A few times a day (many people find themselves doing this all the time), turn your earrings so the piercing doesn't heal around them. If you don't turn your earrings, the skin will grow back in around the earrings and you won't be able to get them out. Make a point of doing this at least twice a day. If you do it more often (playing with your new piercing), that's fine. Turning them more is better than turning them less.
Be sure to leave your studs in for at least six weeks (recommendations will vary). If your piercing is having trouble healing - bleeding, crusting (make sure this is clear scabbing fluid and not pus), still painful, etc. - leave your studs in longer and continue to clean the piercings frequently. If your ears are healing well, you can remove the earrings after six weeks. However, continue wearing earrings most days, and stick with studs. Make sure the studs are hypoallergenic if your skin is at all sensitive. Wait a few more weeks, at least, before wearing any dangling earrings or non-hypoallergenic ones (until the piercing is healed even better).
Be aware that once you remove your studs, if you don't wear earrings for awhile, the holes can still close up. The piercings are not entirely healed when you remove the studs. Depending on how often you wear earrings, they can take months or even years to completely heal. (If you rarely wear earrings, then every time you choose to do so you'll be punching through partially-healed openings, are creating the piercing again. Then you start the healing process all over.)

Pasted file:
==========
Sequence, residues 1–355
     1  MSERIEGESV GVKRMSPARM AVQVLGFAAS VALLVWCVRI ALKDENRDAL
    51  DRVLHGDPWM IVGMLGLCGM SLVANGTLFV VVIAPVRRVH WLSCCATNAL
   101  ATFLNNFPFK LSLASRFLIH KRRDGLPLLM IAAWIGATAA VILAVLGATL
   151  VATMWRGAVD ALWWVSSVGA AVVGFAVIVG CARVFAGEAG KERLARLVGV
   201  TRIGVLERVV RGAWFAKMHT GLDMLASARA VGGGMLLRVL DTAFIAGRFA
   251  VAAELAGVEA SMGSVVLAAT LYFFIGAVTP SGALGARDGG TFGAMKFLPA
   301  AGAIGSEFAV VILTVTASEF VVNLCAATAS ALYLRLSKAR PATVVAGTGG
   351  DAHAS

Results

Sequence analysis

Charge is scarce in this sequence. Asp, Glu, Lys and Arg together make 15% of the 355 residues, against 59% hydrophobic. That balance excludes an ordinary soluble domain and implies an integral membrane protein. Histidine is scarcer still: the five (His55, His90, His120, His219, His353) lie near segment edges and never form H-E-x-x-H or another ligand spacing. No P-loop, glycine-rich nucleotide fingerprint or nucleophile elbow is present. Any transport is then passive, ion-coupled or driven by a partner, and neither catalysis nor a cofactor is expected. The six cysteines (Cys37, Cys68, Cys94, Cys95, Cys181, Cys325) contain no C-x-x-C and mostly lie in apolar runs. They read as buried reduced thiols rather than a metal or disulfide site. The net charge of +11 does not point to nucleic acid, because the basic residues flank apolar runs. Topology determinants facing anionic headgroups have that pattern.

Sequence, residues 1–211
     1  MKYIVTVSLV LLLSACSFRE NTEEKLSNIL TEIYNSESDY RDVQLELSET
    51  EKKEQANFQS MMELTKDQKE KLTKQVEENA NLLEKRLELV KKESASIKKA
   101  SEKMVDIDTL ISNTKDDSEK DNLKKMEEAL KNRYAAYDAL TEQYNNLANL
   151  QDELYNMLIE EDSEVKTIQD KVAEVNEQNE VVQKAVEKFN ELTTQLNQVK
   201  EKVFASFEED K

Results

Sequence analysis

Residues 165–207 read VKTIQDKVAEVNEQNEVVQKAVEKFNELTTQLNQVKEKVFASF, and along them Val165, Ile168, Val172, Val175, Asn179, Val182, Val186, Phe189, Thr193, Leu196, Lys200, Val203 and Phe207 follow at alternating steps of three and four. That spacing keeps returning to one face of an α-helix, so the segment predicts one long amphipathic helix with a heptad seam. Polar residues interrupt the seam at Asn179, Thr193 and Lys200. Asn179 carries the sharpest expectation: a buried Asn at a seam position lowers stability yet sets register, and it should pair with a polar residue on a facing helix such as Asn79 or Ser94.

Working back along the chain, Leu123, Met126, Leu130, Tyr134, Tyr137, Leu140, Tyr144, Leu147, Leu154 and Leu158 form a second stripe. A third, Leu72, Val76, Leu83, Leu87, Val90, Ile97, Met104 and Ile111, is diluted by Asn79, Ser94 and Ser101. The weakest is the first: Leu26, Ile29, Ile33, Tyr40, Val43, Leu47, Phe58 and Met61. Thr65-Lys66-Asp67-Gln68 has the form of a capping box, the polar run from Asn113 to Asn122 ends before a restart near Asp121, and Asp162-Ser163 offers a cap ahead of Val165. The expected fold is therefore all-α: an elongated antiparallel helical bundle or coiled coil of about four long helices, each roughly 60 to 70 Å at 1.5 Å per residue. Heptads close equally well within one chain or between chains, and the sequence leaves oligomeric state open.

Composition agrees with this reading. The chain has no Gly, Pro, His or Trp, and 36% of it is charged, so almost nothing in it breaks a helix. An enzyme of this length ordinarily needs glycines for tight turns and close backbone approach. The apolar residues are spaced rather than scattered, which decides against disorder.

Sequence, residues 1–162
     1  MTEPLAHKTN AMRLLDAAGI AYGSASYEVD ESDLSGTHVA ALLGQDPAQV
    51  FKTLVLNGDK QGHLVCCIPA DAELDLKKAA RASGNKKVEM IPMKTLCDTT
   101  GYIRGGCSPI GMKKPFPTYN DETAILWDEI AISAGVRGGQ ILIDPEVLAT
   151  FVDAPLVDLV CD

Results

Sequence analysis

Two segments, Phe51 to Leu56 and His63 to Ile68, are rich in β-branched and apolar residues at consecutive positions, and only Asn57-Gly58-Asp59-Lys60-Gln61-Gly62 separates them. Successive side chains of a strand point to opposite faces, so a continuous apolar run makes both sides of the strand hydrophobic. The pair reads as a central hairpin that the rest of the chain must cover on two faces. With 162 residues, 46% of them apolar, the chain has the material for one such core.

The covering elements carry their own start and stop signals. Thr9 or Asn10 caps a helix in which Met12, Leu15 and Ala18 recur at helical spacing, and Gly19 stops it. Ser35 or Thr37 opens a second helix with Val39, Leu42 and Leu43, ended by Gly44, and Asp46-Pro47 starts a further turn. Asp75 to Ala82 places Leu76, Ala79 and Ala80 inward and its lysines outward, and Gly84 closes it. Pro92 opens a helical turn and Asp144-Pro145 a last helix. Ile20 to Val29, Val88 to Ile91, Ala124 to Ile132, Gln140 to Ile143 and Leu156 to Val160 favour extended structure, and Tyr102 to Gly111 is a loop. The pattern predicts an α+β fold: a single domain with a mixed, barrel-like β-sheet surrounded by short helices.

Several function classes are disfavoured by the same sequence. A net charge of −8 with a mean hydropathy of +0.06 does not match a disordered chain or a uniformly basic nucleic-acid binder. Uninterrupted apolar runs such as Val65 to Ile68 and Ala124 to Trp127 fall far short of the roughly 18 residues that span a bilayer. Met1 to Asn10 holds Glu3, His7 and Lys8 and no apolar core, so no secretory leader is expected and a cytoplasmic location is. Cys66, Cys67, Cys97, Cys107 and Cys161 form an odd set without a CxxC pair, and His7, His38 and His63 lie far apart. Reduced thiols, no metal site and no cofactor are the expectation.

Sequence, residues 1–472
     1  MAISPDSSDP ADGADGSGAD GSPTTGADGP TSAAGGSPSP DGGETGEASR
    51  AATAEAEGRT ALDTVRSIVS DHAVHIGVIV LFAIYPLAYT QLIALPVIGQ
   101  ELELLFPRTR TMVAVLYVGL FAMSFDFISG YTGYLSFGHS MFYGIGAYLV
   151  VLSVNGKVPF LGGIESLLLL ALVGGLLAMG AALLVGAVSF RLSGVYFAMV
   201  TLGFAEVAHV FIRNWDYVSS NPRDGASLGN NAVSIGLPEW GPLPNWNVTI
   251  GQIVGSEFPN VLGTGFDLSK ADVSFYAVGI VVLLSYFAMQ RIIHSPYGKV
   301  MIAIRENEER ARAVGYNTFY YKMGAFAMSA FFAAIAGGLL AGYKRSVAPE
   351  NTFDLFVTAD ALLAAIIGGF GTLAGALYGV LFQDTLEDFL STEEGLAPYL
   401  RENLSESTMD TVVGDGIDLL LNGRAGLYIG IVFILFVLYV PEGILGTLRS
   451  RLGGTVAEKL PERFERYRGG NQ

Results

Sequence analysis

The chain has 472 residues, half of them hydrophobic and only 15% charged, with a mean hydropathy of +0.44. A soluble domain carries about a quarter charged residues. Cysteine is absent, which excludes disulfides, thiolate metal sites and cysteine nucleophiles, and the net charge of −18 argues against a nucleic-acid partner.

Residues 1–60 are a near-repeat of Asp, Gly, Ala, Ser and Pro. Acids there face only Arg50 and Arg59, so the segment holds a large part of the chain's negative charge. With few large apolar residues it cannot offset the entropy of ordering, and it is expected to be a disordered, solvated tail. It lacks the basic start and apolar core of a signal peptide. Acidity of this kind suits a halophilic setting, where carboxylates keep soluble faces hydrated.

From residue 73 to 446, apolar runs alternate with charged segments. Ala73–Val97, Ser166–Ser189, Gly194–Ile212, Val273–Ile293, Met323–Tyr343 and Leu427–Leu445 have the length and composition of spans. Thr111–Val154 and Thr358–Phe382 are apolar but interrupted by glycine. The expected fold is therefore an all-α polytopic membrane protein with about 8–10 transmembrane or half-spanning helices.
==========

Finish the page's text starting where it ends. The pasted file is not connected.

When inserting earrings, hold your earlobe carefully. Don't pull down on it at all. Aim the earring through the hole at a completely straight angle. If it does not work, try changing angles slightly until you can get the earring in. This will depend on the angle at which your ear was pierced. Also, be aware that if you haven't worn earrings in awhile, and your piercings are fairly new, the holes may have closed up. Don't ever try to force an earring through your ear. If it hurts, your ear turns bright red or begins bleeding, stop trying to put the earrings in.
Be aware that while your piercings are new, the holes are larger than they will be (slightly) than when they heal. Don't wear small backings on your earrings; they can actually go inside the piercing and become stuck in your ear. This can cause a lot of problems for you. Should this happen, try to remove it on your own first. Get a cotton ball soaked in peroxide and clean the back of your ear. Then hold your earlobe in one hand and isolate the backing. Use your fingers to try to guide it to the opening of the piercing and remove it. Keep the peroxide on hand. You will need to continue cleaning the wound. Also, because this is painful, the cool peroxide will take away some of the pain. If you cannot remove it fairly quickly, go to the emergency room.
If your ears ever become very red and sore, and begin leaking any non-clear fluid (clear fluid that dries quickly is a sign that the wound is scabbing and nothing to worry about), they are infected. Remove your earrings and see a doctor. You will need to let your piercings heal. You may choose to re-pierce your ears later; however, you cannot rescue this time. Follow your doctor's instructions in the case of infection.
If you follow these guidelines, you are well prepared to care for your pierced ears!